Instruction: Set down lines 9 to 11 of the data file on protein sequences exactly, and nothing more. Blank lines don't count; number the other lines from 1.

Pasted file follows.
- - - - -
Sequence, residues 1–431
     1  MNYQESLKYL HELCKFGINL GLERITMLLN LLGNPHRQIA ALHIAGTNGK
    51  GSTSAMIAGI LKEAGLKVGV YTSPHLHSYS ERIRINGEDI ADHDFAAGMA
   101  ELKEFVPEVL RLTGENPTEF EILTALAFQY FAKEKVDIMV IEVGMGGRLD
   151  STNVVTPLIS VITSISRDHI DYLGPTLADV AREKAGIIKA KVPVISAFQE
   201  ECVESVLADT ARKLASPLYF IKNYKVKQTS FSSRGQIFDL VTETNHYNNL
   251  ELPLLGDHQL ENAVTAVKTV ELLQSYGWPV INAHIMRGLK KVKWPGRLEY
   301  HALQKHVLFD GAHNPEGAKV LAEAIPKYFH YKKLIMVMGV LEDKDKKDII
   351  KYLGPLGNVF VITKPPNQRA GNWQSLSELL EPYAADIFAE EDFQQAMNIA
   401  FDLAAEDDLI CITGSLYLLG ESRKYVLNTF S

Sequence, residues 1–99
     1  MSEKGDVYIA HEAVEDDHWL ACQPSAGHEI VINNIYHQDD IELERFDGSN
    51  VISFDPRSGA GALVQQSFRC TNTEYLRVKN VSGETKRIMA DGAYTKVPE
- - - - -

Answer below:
   351  KYLGPLGNVF VITKPPNQRA GNWQSLSELL EPYAADIFAE EDFQQAMNIA
   401  FDLAAEDDLI CITGSLYLLG ESRKYVLNTF S

Sequence, residues 1–99